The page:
Jonathas de Andrade, O Levante (The Uprising), 2012, digital video, color, sound, 7 minutes 59 seconds. Production still. Photo: Ricardo Moura.

Jonathas de Andrade, O Levante (The Uprising), 2012, digital video, color, sound, 7 minutes 59 seconds. Production still. Photo: Ricardo Moura.

Cruzamentos: Contemporary Art in Brazil”

Jonathas de Andrade, O Levante (The Uprising), 2012, digital video, color, sound, 7 minutes 59 seconds. Production still. Photo: Ricardo Moura.

NÃO VAI TER COPA! There won’t be a Cup! This refrain has become ubiquitous in Brazil, registered in spray paint and Twitter characters and encapsulating tensions that have risen steadily since June 2013, when demonstrators across the nation began protesting the government’s lavish spending on facilities for the upcoming World Cup and Summer Olympics and its simultaneous neglect of basic public services. The phrase also appeared in Jonathas de Andrade’s O que sobrou da 1a corrida de carroças do centro do Recife (What’s Left of the 1st Horse Cart Race of Downtown Recife) 2012–14, an immersive installation commissioned for “Cruzamentos: Contemporary Art in Brazil” at the Wexner Center for the Arts. Here, the Recife-based artist presented text excerpted from news items relating to the protests alongside his 2013 video O Levante (The Uprising). For the latter work, Andrade staged a race between horse-drawn carts—which were recently outlawed despite their continuing economic importance to Recife’s poor—allowing the cart drivers to dominate again, however briefly, the northeastern city’s commercial center. Andrade’s project embodies several concerns that were at the core of “Cruzamentos”: an emphasis on documentary video, crosscutting genres, and looking beyond the Rio–São Paulo corridor. It was exceptional, however, in its direct invocation of the socio-economic tensions that have erupted into conflict in concert with Brazil’s skyrocketing growth.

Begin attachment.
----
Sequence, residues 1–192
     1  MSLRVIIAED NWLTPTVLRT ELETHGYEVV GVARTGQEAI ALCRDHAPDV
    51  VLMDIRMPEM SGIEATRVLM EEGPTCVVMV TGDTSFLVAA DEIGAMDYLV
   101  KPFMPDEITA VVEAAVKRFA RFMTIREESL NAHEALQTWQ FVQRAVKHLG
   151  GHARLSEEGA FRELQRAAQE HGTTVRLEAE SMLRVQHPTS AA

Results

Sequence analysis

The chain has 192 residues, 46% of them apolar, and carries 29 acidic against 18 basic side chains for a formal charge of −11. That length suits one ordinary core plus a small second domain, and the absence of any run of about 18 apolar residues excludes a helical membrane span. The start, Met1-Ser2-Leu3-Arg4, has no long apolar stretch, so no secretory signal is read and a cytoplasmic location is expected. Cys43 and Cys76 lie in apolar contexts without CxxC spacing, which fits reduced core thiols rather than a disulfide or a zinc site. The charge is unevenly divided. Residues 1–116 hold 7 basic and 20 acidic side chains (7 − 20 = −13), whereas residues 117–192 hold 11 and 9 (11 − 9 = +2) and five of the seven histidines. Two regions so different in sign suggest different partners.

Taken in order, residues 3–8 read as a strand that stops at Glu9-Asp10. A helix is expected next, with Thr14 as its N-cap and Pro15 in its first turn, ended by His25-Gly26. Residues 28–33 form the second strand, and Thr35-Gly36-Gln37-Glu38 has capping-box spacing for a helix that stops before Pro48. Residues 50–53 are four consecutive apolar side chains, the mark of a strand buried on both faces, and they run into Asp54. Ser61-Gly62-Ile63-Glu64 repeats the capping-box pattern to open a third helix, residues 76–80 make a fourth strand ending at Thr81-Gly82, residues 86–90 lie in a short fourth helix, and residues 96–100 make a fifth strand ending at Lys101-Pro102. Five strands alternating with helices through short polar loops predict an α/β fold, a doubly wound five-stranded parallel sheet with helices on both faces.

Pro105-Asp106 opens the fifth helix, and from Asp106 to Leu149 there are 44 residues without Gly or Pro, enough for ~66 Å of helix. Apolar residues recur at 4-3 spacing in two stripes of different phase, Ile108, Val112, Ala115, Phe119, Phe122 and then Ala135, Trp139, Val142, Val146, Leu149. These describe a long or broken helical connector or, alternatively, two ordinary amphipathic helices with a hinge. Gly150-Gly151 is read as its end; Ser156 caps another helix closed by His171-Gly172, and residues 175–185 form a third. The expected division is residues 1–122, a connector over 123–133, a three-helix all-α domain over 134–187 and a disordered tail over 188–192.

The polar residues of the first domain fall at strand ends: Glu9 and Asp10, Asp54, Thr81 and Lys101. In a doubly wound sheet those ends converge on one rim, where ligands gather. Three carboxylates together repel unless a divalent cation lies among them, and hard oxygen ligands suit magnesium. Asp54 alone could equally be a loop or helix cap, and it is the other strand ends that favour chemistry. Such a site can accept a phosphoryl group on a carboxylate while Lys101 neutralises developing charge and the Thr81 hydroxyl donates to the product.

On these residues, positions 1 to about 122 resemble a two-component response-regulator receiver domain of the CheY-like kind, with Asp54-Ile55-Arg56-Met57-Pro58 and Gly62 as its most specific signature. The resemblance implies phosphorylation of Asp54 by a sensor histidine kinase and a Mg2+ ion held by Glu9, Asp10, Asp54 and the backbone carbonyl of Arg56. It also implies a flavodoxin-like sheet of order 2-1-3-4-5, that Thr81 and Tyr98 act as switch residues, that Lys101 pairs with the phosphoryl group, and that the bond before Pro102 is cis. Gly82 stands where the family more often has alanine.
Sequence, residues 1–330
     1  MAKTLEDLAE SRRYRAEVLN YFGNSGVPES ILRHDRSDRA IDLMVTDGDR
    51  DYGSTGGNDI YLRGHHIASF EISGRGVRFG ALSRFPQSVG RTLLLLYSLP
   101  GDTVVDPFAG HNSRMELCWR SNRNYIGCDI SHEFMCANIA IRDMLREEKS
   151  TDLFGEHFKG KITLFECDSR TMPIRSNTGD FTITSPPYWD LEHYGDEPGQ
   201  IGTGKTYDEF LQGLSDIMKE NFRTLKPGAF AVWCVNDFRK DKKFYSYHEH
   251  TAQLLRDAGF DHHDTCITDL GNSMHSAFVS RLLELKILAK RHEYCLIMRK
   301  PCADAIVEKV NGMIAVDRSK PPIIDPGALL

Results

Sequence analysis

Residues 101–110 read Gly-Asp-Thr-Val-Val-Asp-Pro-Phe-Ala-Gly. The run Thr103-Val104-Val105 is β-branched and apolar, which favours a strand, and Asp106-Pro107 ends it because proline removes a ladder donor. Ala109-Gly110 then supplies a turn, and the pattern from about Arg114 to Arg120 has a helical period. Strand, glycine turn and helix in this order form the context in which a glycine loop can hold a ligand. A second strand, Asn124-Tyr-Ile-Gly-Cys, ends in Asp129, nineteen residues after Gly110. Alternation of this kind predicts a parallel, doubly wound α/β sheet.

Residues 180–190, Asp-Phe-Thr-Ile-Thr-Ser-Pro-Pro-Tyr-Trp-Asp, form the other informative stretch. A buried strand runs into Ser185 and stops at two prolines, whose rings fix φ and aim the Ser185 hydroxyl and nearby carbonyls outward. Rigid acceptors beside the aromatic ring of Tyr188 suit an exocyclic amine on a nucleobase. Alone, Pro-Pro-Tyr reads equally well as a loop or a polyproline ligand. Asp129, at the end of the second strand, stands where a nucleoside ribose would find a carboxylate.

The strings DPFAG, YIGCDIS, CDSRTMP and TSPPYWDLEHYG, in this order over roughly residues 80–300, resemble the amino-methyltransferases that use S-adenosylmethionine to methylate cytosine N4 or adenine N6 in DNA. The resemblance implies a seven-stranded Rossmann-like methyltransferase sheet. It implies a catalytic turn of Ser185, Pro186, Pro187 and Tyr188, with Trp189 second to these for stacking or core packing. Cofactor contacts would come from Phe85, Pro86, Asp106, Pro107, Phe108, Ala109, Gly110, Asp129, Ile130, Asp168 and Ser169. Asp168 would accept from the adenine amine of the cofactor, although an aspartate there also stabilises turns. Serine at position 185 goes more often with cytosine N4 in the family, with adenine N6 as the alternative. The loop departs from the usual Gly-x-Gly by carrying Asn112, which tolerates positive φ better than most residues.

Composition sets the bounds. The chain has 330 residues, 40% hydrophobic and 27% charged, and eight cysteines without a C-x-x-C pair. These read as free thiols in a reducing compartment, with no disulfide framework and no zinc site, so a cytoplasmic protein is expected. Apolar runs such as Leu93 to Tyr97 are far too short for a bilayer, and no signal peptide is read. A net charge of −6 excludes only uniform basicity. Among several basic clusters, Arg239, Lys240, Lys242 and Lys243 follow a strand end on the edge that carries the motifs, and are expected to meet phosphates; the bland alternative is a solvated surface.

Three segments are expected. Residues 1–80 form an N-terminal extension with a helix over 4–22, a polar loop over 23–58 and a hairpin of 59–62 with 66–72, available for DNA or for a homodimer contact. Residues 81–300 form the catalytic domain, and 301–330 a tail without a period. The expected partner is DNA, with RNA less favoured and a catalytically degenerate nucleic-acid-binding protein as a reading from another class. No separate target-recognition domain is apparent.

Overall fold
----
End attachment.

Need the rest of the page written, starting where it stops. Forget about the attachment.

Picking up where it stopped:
While one might have expected these strains to play a more overt role in the show’s organizational framework, the curators opted not to highlight any particular thesis or overarching themes. Organized by the Wexner’s Bill Horrigan and Jennifer Lange with Rio-based art historian Paulo Venancio Filho as guest cocurator, “Cruzamentos”—which translates as “intersections”or “crossings”—brought together works by thirty-five artists from or working in Brazil to offer a broad view of artistic practices that emerged in the wake of the nation’s military dictatorship, which lasted from 1964 to 1985. The wide-ranging exhibition included works by veterans of the international art scene such as Jac Leirner, Beatriz Milhazes, and Regina Silveira alongside pieces by Márcio Almeida, Theo Craveiro, Lucia Koch, Vânia Mignone, and many others whose names are largely unfamiliar to US audiences. The result was a heterogeneous installation that, while visually dynamic, remained conceptually opaque in the absence of explicit framing devices: Works were not installed according to any clearly discernible thematic groupings, and wall texts for individual pieces did little to illuminate shared contexts and concerns across galleries or the exhibition as a whole.